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Mirror : A Book of Reversible Verse
by Marilyn Singer and Josee Masse

Overview -

With 6 starred reviews, 8 best of the year lists, and over 20 state award nominations, everyone is raving about "Mirror Mirror"
"Remarkable."--"The Washington Post"
"This mind-bending poetry is accompanied by Masse's equally intelligent, equally amusing art."--"Time Out New York for Kids"
What's brewing when two favorites--poetry and fairy tales--are turned (literally) on their heads?  Read more...


 
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More About Mirror by Marilyn Singer; Josee Masse
 
 
 
Overview

With 6 starred reviews, 8 best of the year lists, and over 20 state award nominations, everyone is raving about "Mirror Mirror"
"Remarkable."--"The Washington Post"
"This mind-bending poetry is accompanied by Masse's equally intelligent, equally amusing art."--"Time Out New York for Kids"
What's brewing when two favorites--poetry and fairy tales--are turned (literally) on their heads? It's a revolutionary recipe: an infectious new genre of poetry and a lovably modern take on classic stories.

First, read the poems forward (how old-fashioned ), then reverse the lines and read again to give familiar tales, from Sleeping Beauty to that Charming Prince, a delicious new spin. Witty, irreverent, and warm, this gorgeously illustrated and utterly unique offering holds a mirror up to language and fairy tales, and renews the fun and magic of both.

 
Details
  • ISBN-13: 9780525479017
  • ISBN-10: 0525479015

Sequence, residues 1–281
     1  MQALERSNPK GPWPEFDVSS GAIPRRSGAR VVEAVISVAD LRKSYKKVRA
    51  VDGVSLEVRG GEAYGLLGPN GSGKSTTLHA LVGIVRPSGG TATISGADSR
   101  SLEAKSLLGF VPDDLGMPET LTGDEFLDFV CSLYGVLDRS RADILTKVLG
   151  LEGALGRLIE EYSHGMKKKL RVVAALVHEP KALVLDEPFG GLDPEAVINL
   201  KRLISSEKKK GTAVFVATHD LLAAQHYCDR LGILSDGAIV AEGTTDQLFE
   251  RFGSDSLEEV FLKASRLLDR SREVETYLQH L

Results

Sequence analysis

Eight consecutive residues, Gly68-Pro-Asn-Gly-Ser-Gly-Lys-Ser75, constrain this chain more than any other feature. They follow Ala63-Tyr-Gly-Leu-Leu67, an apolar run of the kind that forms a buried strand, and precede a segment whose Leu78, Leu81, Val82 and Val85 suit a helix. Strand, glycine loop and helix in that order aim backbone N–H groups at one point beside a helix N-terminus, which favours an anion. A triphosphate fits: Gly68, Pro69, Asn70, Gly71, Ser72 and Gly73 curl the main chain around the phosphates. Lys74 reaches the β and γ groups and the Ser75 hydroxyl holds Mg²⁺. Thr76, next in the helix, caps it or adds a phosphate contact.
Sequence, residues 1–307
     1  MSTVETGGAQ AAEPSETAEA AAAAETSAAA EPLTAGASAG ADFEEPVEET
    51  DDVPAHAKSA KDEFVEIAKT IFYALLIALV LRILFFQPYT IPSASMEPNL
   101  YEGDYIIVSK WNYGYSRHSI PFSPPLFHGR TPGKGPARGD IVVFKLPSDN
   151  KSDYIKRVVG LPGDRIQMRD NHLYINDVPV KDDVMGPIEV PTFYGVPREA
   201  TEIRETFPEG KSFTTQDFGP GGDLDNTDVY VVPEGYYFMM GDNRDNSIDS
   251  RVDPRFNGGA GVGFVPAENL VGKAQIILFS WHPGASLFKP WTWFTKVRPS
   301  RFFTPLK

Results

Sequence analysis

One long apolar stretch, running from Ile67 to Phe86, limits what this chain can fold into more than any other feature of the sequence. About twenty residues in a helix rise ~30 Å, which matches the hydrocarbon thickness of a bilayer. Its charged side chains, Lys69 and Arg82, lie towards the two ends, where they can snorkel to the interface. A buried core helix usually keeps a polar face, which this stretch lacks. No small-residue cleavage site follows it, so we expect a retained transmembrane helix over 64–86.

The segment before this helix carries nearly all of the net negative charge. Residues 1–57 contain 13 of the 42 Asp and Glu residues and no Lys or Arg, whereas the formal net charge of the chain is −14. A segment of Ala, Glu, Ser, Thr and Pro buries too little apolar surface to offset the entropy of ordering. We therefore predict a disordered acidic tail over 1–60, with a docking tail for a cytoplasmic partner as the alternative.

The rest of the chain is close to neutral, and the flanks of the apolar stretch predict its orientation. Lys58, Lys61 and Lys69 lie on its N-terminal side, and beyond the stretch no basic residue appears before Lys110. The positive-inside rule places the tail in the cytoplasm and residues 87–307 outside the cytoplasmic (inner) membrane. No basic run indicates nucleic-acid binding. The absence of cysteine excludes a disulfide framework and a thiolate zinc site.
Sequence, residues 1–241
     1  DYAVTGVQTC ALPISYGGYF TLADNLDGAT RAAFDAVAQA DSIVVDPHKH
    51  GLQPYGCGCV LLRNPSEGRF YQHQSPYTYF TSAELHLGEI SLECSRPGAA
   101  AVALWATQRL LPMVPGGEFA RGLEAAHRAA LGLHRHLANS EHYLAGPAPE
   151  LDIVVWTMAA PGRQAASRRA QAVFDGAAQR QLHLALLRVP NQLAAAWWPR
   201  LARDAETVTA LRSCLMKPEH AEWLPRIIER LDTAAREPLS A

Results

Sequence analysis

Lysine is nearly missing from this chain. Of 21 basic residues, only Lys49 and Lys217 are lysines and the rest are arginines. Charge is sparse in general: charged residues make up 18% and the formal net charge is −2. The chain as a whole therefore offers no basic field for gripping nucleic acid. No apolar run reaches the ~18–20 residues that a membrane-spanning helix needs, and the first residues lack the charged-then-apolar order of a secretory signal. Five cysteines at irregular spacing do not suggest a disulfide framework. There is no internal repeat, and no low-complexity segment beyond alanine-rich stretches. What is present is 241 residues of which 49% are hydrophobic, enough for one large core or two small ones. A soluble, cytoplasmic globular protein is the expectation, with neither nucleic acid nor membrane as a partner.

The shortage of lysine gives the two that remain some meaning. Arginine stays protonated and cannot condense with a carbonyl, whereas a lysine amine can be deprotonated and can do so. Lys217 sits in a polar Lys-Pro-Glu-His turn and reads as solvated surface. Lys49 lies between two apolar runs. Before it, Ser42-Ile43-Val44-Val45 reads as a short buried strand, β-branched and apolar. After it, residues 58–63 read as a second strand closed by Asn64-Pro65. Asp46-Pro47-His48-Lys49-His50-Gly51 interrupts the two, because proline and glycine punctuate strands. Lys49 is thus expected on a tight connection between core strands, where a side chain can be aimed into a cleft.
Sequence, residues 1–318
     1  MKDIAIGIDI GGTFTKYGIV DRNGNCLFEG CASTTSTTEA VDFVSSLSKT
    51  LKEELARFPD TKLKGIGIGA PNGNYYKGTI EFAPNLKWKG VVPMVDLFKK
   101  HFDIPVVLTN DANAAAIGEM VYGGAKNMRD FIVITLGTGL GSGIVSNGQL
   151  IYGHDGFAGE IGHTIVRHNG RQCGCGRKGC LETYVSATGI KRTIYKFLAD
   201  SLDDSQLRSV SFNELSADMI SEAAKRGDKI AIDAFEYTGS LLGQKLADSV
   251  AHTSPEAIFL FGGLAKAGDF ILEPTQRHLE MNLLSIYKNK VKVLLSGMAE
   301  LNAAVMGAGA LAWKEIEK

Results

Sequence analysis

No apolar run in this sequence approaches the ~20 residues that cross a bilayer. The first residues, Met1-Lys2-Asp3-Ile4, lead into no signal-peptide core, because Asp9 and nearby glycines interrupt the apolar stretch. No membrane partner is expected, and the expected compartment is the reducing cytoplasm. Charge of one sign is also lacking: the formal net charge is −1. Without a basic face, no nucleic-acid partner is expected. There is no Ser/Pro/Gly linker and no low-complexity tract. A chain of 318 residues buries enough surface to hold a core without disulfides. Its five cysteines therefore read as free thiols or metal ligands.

• Publisher: Dutton Children's Books
  • Publish Date: March 2010
  • Page Count: 32
  • Reading Level: Ages 6-UP


Related Categories

Books > Juvenile Nonfiction > Poetry - General

 
Publishers Weekly Reviews

Publishers Weekly® Reviews

  • Reviewed in: Publishers Weekly, page 48.
  • Review Date: 2010-02-08
  • Reviewer: Staff

Singer uses “reverso” poems, a form of her creation, to show that there are two sides to every fairy tale (the poems can be read backward and forward). On each page, two poems appear, one an inversion of the other with minor changes in punctuation. In “In the Hood,” Little Red Riding Hood’s poem ends: “But a girl/ mustn’t dawdle./ After all, Grandma’s waiting,” while the wolf’s poem begins: “After all, Grandma’s waiting,/ mustn’t dawdle.../ But a girl!” Masse’s clever compositions play with symmetry (in “Longing for Beauty,” Beauty and the Beast appear as one being, split in half, her tresses echoing his fur), bringing this smart concept to its fullest effect. Ages 6–up. (Mar.)

 
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